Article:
Friday, May 09, 2008

Soulmate or Egomate?



There’s a great quote in that wonderful tale, "The Little Prince" where the Prince wisely says: "It is only with the heart that one can see rightly; what is essential is invisible to the eye."

What this quote describes is “soulmate love" -- which is a far more mature love than “egomate love" -- which too many people get tricked into seeking -- and thereby never finding true love and true happiness.

In case you’ve been foolishly getting "soulmate love" confused with its lesser"egomate love" fake and faux pas imitiation -- here are some helpful reminders ...

Soulmate

A soulmate is someone whom when you meet -- without thinking – without letting your neocortex play into the decision – you feel an instant familiarity, a sense of connection, a longing.

Egomate

An egomate is someone who you instantly want because you know they will “look good to others” – because this person is beautiful or rich, or has some ego massaging quality. But this thing you like about this person is a generic superficial quality -- rather than the dynamic and tingly connection you feel when with this person.

Soulmate

A soulmate is someone who you could spend a great deal of time with just sitting on a sofa and feel happy. You don’t need fanfare. You don’t need to go out to expensive restaurants. Just being with them cuddling and kissing feels like a vacation.

Egomate

An egomate is someone who you need to spend lots of money on and do ritzy activities with to fully feel the excitement of being with them.

Soulmate

A soulmate is someone who you miss when they’re not around – and can even lose sleep over. When you talk about this person to friends, you might mention their looks or money, but you mainly talk about what makes them special to you – those deeper, less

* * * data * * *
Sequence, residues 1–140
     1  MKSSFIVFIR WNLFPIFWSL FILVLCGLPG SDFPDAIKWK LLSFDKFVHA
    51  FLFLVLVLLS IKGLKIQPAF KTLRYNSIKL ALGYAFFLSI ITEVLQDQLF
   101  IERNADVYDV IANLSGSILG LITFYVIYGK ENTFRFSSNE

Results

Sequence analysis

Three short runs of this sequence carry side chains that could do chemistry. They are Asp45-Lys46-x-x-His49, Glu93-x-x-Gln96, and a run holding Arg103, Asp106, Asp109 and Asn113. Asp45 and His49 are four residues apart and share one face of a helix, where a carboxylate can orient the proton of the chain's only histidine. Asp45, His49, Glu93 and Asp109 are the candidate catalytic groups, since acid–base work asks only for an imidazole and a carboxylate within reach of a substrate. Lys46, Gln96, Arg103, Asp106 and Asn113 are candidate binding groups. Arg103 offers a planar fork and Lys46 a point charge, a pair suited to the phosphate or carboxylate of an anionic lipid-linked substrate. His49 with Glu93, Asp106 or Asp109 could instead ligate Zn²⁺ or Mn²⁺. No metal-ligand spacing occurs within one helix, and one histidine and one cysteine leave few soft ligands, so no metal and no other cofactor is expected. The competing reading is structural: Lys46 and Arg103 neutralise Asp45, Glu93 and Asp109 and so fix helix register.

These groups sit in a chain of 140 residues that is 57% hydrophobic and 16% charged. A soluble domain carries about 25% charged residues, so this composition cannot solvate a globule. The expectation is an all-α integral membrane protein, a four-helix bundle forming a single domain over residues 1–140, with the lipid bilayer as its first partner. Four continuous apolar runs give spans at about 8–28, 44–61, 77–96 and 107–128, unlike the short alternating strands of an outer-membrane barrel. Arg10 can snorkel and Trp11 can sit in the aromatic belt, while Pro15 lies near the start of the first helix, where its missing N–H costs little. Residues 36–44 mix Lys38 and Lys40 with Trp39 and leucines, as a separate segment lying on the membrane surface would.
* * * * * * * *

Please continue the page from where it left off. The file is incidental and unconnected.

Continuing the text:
superficial qualities which are about connecting soul to soul.
You feel a passionate friendship for this person.

Egomate

An egomate is someone who when you talk about this person to friends, you mainly talk about this person as being rich or beautiful -- or any of a variety their trophy qualities which build up your ego. If you’re honest with yourself, some part of you doesn’t respect this partner of yours on certain levels -- or even like them as a friend. Indeed if you weren’t dating this person, you might not even be friends with them. Perhaps you even feel a bit bored by them if you spend too much time alone in their company or sitting on a sofa just talking. But your ego overpowers your instincts, because your ego loves talking about how rich or beautiful this person is – and impressing friends and family.

Soulmate

You’re not looking for perfection in your partner. Perfection is all about the ego. With soulmate love you know that true love is what happens when disappointment sets in – and you’re willing to deal maturely with these disappointments. You recognize nobody is perfect. Not only does your partner have imperfections, so do you. And because you value the deep love and connection you are lucky enough to share, you choose to work on your problems and grow as individuals and as a couple. With soulmate love, you’re not only finally ready to wear your heart on your sleeve, but roll up your sleeves and do the necessary work. Your goal with a soulmate is to create the most fabulous “inside world” – inside yourself as a growing individuals and inside your private relationship as a thriving couple.

Egomate

Your ego cares about perfection. A lot. In particular your ego cares about your partner appearing perfect to the outside world. You’re less forgiving about imperfections in your partner because of your ego – because you take your partner’s imperfections personally -- as showing you as being imperfect -- and your ego does not like your not being perfect. So you put a high priority on looking super cool and perfect to others. Indeed, you are so blinded by the image perks your uber-gorgeous or uber-rich partner offers up. that there’s an immature part of you who doesn’t really feel the need to connect in friendship with your partner – or grow as a person when problems arise in the relationship. You just care about the “ego symbols” you are showing to the outside world.